I think Ferrari should also have won in Vegas, I feel Charles is the unluckiest good looking millionaire in the World sometimes. Singapore was also largely facilitated by Leclerc helping the team, so I’m not fully signed up to the idea that Carlos was exceptional that weekend – strong certainly but with assistance.

    2. I don’t think the drivers were bad at all this year. Yes, Leclerc had his couple of bad days like he unfortunately seems to have every year, but so had any other driver except for Verstappen of course.
      Hamilton blew it in Doha and was absolutely nowhere quite often, so I don’t consider his season any better than Leclerc’s.
      Sainz was quite close to Leclerc for most of the year and very strong after the sommerbreak until Suzuka. Ferrari lost quite a lot of points this year due to reliability and bad luck that other teams, especially Mercedes didn’t. In terms of strategy, drivers and raw pace there was little to choose between the two of them, so imho P3 just behind P2 is not the maximum, but also not massively underachieving.

      1. It’s not necessarily that I think they were bad it’s that Charles had a couple of huge dips which I hoped he grew out of and Carlos was constantly off the pace, rarely able to be fighting for the positions Charles was.

        I felt Hamilton was fairly strong tbh. Russell has finished ahead of him in 8 of the last 36 races going back to the middle of last year and one of the was Zandvoort where he was ahead due to a tyre change under the SC. I think that’s enough justification to say that Hamilton got the most out of the car despite a few errors and a shaky start to the year.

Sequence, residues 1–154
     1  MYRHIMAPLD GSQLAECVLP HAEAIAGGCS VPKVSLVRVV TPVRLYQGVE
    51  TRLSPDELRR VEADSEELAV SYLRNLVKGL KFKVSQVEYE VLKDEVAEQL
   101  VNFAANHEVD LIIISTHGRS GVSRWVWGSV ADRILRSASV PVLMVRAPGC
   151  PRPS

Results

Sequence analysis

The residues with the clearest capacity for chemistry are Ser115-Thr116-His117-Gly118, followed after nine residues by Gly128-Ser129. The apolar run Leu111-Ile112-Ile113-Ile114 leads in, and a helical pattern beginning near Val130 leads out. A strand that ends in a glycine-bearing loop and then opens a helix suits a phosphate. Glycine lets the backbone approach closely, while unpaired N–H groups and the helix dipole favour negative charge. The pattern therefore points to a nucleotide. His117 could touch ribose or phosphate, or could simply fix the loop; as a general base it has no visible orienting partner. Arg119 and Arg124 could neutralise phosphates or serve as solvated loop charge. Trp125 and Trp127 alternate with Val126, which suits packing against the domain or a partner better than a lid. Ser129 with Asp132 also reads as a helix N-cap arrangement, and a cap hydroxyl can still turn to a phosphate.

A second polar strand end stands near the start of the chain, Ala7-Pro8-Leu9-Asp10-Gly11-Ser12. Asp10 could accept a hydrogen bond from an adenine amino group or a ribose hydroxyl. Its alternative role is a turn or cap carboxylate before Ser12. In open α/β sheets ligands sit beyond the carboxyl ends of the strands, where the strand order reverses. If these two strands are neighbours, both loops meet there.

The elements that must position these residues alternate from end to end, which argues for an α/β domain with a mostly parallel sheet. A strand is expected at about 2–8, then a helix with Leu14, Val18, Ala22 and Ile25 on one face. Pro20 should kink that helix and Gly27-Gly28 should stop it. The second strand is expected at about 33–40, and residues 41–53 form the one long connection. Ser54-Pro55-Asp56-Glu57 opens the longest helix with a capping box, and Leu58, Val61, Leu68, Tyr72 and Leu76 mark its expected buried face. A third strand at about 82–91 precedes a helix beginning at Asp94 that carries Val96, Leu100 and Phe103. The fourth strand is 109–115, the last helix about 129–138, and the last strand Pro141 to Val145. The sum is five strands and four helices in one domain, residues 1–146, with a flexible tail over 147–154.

I’m not sure reliability was a main concern in the battle with Merc, Ferrari had 2 DNS and one DNF, Merc had 3 DNFs. Ferrari drivers crashed out of 3 races, Merc 2.

        What worries me as a Ferrari fan is that Ferrari were 105 points clear of McLaren post Canada and finished 104 ahead – with McLaren running a rookie. That’s where bad results like Zandvoort take hold and Carlos’ inability to beat Charles in the last 7 rounds tells me there were more points to find. I feel second place for that car should have been a comfortable target and neither driver can say they had a great year.

        1. Agree with this, leclerc was obviously faster but he made plenty of mistakes and had a few races where sainz was faster, which wasn’t the case the past years, so they definitely left a lot of points on the table, however so did russell, even just if you think about the last lap mistake in singapore (and already pitting was a losing strategy for him, he was 2nd before) and canada, hitting the wall early on when he was 4th, I think.

        2. Robert Henning
          9th December 2023, 11:39

          There’s a lot of misinterpretation of data to fit a preconceived narrative going on in the last few comments.

          There’s also good reasons why one can argue Hamilton and Leclerc drove seasons of similar caliber, and in fact at The Race, Leclerc was ranked higher than Hamilton for what it’s worth.